CSSF issued a recommendation calling on management bodies of Luxembourg credit institutions to consider not distributing (or limiting) cash dividends, not conducting share buy-backs, and moderating variable remuneration payments (especially to material risk-takers) until September 2021. In this context, CSSF has updated the frequently asked questions (FAQs) on support measures issued in response to COVID-19 pandemic. Additionally, CSSF published the results of a thematic review of the information provided by 16 issuers on the impact of COVID-19 pandemic on their operations and financial performance as of June 30, 2020. CSSF has noted improvements that issuers should consider when preparing financial information in the future. The key improvements relate to the impairment of non-financial assets and the measurement and disclosure of expected credit losses (ECLs).
The key topics covered under the thematic review were notably those identified in the ESMA public statement on the implications of COVID-19 outbreak on the half-yearly financial reports. These include disclosures reflecting significant uncertainties, going concern and risks linked to COVID-19; change in credit risk and impact on expected credit losses; impairment of non-financial assets; disclosure requirements related to the application of relief and support measures granted by public authorities; presentation of COVID-19 related items in the primary statements; and management reports and alternative performance measures. CSSF considers that there are several areas for improvement that issuers should consider when preparing their future financial information regarding the impact of this pandemic.
The main issue encountered concerns the impairment of non-financial assets. It was observed that there was insufficient disclosure in the interim financial reports. Moreover, the assessments made by management with regard to the recoverable value of non-financial assets did not always appear consistent with the impact of the COVID-19 pandemic described elsewhere in the financial reports. Another improvement area concerns the measurement and disclosure of ECLs, especially on trade and lease receivables for corporates. A number of the issuers examined hold significant receivables for which the credit risk is likely to change, as their clients could be weakened by the effects of COVID-19 pandemic. As such, CSSF expects issuers to provide precise information on their credit risk management in response to COVID-19 and on any significant adjustments made to the impairment models as well as on the impairment losses recognized.
Overall, CSSF expects issuers to provide, in their future financial reports, clear disclosures about how they have incorporated COVID-19 risks into their cash flow projections, discount rates, and long-term growth rates. Use of multiple scenarios is encouraged to better assess the recoverable values, despite the uncertainties related to the COVID-19 pandemic. In the near future, CSSF is expected to release priorities in relation to the enforcement of financial information for 2020 financial statements. In that context, and along with other priorities for the year, CSSF will focus on the information provided in relation to the effects of the COVID-19 pandemic on the operations, performance, financial position, and outlook of issuers.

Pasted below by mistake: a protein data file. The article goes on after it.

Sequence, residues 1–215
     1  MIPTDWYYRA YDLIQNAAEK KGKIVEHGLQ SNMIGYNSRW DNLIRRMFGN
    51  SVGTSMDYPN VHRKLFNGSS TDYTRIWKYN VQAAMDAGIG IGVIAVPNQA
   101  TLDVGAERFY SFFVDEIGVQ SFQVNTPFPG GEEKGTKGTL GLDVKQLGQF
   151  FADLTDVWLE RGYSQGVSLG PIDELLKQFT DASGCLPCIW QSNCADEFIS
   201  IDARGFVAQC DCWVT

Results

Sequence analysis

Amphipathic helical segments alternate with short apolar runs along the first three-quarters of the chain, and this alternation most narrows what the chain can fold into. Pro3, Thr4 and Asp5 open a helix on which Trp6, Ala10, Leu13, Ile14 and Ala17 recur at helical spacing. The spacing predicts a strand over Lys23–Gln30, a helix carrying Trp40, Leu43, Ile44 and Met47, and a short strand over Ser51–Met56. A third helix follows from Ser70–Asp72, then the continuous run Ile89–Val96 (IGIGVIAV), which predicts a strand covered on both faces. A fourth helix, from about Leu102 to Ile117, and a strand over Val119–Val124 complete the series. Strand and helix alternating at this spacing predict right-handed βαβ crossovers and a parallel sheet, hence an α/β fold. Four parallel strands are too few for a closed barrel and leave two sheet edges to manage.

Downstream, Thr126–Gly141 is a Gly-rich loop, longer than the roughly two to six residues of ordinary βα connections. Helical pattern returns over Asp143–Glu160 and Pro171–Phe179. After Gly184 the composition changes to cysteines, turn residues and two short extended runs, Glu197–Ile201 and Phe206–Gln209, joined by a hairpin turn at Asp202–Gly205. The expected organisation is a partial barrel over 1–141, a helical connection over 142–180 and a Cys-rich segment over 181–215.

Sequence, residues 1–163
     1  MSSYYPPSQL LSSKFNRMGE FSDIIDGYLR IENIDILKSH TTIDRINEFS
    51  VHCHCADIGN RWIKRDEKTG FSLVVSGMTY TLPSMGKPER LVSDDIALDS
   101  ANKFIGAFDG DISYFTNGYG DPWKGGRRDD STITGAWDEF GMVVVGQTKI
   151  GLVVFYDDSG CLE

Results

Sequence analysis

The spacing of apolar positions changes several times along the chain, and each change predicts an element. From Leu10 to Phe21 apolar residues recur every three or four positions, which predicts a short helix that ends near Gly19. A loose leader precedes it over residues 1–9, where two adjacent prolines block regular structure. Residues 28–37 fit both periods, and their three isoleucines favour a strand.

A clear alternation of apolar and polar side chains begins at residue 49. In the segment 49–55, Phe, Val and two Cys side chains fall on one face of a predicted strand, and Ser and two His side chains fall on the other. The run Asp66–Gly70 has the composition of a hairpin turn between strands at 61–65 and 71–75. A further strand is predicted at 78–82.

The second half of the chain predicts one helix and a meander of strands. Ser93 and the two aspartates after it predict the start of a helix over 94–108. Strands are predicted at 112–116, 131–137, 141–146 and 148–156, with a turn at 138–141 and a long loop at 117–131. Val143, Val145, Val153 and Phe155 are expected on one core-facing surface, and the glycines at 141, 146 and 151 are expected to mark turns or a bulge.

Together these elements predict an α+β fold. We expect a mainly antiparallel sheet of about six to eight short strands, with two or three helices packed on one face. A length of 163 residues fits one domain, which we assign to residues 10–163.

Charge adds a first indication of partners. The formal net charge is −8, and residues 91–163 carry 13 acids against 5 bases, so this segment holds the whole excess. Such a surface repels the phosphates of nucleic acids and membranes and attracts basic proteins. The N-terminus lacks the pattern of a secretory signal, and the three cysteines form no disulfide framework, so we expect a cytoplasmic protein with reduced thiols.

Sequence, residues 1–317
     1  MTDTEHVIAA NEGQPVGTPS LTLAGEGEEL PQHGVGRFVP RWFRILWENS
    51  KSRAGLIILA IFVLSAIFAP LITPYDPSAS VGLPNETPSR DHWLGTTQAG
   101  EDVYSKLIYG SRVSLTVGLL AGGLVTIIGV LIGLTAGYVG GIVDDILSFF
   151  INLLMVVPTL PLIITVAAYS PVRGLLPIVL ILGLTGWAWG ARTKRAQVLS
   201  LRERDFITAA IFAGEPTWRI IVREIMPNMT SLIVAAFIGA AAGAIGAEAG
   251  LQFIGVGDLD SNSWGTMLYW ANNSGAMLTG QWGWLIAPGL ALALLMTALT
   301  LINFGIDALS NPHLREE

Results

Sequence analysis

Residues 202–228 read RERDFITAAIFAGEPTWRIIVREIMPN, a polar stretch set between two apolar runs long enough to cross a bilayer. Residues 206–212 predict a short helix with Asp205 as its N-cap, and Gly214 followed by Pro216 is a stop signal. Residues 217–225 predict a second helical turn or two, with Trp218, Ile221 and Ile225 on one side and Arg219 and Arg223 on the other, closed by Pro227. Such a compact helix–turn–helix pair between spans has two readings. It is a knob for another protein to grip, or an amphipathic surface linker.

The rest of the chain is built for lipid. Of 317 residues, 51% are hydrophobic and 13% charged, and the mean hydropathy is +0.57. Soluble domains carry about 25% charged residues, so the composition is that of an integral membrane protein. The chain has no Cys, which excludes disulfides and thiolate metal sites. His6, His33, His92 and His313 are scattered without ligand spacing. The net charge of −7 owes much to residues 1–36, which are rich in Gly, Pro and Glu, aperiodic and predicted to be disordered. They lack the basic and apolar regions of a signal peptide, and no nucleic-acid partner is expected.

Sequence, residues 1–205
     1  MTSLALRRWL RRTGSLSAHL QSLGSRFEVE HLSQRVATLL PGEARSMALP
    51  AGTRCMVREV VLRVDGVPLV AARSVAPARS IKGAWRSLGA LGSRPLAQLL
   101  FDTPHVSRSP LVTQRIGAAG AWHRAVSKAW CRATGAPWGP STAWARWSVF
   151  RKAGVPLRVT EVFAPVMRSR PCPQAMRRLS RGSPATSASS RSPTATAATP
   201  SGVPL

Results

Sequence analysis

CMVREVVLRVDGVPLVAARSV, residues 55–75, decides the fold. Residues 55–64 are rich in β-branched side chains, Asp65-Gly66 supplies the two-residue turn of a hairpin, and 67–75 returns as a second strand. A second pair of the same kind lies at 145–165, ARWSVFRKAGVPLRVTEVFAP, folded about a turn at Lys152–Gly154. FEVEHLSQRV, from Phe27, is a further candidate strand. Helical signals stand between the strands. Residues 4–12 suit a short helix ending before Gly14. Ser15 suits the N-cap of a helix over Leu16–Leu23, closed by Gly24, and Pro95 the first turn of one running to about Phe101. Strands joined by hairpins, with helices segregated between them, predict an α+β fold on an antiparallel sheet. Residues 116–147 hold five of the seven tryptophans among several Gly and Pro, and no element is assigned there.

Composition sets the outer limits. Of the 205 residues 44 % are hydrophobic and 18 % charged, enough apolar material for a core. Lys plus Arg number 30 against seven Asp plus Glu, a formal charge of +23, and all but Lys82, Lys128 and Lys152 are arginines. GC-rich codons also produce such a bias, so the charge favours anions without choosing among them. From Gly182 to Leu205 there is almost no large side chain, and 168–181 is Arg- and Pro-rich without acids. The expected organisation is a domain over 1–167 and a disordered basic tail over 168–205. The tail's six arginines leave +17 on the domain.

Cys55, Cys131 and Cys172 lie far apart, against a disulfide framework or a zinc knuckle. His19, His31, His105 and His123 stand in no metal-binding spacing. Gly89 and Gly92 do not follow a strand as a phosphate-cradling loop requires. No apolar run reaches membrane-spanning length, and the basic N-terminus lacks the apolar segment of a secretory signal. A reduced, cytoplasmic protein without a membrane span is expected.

- Circular on Restriction of Dividend Distribution
- FAQs on Dividend Distribution
- Results of Thematic Review
Keywords: Europe, Luxembourg, Banking, Securities, Thematic Review, Disclosure, ECL, Dividend Distribution, COVID-19, FAQ, Credit Risk, Accounting, CSSF
Leading economist; commercial real estate; performance forecasting, econometric infrastructure; data modeling; credit risk modeling; portfolio assessment; custom commercial real estate analysis; thought leader.
PRA published a "Dear CEO" letter that sets out findings of a review on the reliability of regulatory reporting and reiterates the supervisory expectations on regulatory reporting.
The Australian Prudential Regulation Authority (APRA) confirmed that its new data collection solution APRA Connect will go live on September 13, 2021.
The Federal Reserve System (FED) published a paper describing the landscape of partnerships between community banks and fintech companies.
The Federal Deposit Insurance Corporation (FDIC) has chosen four companies—Novantas Inc, Palantir Technologies Inc, PeerIQ, and S&P Global Market Intelligence LLC—to propose a pilot consisting of testing new reporting and analytical tools with a small group of FDIC-supervised institutions on a voluntary basis.
The Prudential Regulatory Authority (PRA), via the consultation paper CP18/21, proposed changes to the applicable requirements on the identification of material risk-takers for the purposes of the remuneration regime.
The Joint Committee of European Supervisory Authorities (ESAs) published its second 2021 joint risk assessment report for the financial sector.
The International Organization of Securities Commissions (IOSCO) published a statement reiterating the importance of continued transition to robust alternative financial benchmarks—that is, risk-free rates—to mitigate potential risks arising from the cessation of LIBOR, including the USD LIBOR.
The Board of Governors of the Federal Reserve System (FED) proposed revisions and three-year extension of the FRY-9 reports on financial statements for holding companies (OMB Control Number 7100-0128).
The Single Resolution Board (SRB) Chair, Elke König, published an article on improving the resolution framework for medium-size banks.
The French Prudential Control and Resolution Authority (ACPR) announced that the testing environment for the ACPR information system and the OneGate portal will be available to receive test reports with the Legal Entity Identifier (LEI) from September 08, 2021.